Peter Bennett

Imagine you're about to graduate from architecture school when the economy is struggling, much as it is now. You're part of a close-knit group of master's program colleagues disaffected by the idea of an internship at a big firm and looking for a way to bridge academic camaraderie and practice. What are your options?

For John Jennings and Sasha Tarnopolsky, ASLA, principals of DRY Design, Los Angeles, the solution was to form a design collective. Launched in 1995 by 15 newly minted SCI-Arc grads, the HEDGE Design Collective, which only recently disbanded, became a one-stop design shop made up of architecture-trained professionals with interests ranging from architecture, landscape architecture, and engineering to graphic, floral, and clothing design. As members teamed up to take on client projects, the collective quickly reached its main goal, which was to help them find more fulfilling work than what they could attract on their own, and yet allow them to preserve their identities as individual designers.

At the time, there were few precedents for such alternative practice models within the architecture profession, and as the idea began to catch on, HEDGE members were often invited to lecture on how the collective worked. Since then, interest in nontraditional firm structures has grown exponentially, driven in part by the rising intensity and complexity of the marketplace. Some architects devise alternative business models as a way to leverage resources or add energy to a small office. Others are looking to expand their reach by broadening their products or services. What they all have in common—besides a love of architecture—is the desire to have more control over their everyday lives and destiny than either a solo practice or a top-down firm affords.

All architects crave smart clients, challenging work, and a measure of independence. But in the case of a sole practitioner, there's a practical limit to how much work one can take on. Cash flow can be erratic. And independent architects often find it hard to break into new project types, because they can't gain widespread experience when they're by themselves. Independents are also vulnerable to professional loneliness. A single architect may have assistants but no real peers with whom to consult. Those were the problems HEDGE was initially hedging against. (In fact, the name came from the idea of creating a hedge of individuals who make up a single larger organism. “A hedge can create rooms,” Jennings explains, noting the collective's mix of design disciplines and that Tarnopolsky is a landscape architect.)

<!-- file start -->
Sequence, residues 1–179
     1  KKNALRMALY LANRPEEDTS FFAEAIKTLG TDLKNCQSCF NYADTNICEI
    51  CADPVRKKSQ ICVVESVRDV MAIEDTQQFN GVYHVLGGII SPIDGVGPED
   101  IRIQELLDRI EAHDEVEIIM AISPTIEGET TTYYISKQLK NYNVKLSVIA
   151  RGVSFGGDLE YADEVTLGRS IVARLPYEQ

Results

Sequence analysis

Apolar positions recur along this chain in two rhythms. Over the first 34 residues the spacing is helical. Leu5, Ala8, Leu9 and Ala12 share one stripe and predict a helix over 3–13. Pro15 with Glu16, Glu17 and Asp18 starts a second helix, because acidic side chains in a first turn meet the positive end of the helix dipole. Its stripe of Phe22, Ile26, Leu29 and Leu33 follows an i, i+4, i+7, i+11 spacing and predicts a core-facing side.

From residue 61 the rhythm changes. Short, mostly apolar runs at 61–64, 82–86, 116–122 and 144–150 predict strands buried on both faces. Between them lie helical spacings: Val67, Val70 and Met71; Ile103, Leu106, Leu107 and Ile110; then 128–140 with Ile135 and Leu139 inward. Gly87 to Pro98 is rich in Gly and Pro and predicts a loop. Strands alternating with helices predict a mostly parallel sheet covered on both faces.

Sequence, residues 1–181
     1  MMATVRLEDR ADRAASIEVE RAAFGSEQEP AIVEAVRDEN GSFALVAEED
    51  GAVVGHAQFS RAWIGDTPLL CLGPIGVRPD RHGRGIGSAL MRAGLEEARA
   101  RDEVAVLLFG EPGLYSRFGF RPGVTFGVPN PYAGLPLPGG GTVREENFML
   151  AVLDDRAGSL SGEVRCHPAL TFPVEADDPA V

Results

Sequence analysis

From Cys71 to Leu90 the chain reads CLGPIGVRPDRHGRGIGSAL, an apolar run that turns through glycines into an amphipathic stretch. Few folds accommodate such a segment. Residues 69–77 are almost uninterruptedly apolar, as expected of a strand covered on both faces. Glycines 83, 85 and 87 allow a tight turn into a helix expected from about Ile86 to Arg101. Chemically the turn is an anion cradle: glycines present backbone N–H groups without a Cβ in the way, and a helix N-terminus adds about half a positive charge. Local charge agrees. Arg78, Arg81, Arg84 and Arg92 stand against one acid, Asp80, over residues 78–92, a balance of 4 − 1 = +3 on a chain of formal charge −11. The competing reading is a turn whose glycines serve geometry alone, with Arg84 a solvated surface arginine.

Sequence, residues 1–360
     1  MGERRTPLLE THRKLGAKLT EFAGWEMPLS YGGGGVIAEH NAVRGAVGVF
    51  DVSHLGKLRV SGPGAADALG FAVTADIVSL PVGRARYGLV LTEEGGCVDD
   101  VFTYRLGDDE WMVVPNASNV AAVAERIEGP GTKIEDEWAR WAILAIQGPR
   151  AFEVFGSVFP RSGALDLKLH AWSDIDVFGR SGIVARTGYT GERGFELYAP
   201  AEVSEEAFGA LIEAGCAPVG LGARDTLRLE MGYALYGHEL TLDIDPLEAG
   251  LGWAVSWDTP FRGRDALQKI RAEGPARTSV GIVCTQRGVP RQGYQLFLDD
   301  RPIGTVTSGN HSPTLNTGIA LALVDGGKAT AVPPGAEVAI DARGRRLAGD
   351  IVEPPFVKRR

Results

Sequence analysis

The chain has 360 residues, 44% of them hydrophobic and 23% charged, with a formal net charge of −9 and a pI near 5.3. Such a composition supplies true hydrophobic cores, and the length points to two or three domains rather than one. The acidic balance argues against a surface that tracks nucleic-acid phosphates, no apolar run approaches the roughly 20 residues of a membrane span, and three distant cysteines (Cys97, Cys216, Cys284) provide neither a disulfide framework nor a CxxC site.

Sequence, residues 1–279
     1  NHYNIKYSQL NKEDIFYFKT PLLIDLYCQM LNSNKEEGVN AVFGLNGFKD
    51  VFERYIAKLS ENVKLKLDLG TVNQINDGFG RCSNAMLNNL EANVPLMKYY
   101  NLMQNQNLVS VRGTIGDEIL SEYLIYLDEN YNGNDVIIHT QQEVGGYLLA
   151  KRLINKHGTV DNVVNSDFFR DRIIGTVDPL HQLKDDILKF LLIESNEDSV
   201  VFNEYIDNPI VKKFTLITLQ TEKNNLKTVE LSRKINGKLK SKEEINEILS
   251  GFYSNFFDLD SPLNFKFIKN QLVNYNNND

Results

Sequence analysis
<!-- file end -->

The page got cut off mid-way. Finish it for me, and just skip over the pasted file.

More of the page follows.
sharing resources and ideas To observers, the HEDGE Design Collective seemed to have everything a young architect could want. It was a relaxed, creative place, and for the first five years, the group met on Wednesday nights around pizza and beer to discuss everything from design philosophies to how the collective should be run. During its lifetime the group moved four times, sharing the rent, office equipment—even a table saw. In each location, open desks surrounded a central table, reflecting the nature of the work, and fees were usually structured as billable hours. Simultaneously, some members continued to work part time in larger firms to fulfill licensing requirements. Along the way, new designers were voted in, but only after they proved themselves by working collaboratively on at least one project.

Early on, HEDGE provided a platform that few architects could match on their own. “It was easier to promote HEDGE as an idea than John Jennings as a recent SCI-Arc graduate,” Jennings says. Its novelty attracted publicity; magazine coverage brought in jobs, and members farmed themselves out to other firms when work was slow. However, the group soon realized that there were legal implications of working in different design fields under a single name, and within three years they started forming their own firms under the HEDGE umbrella. They used its name recognition only, since the collective was never a legal entity.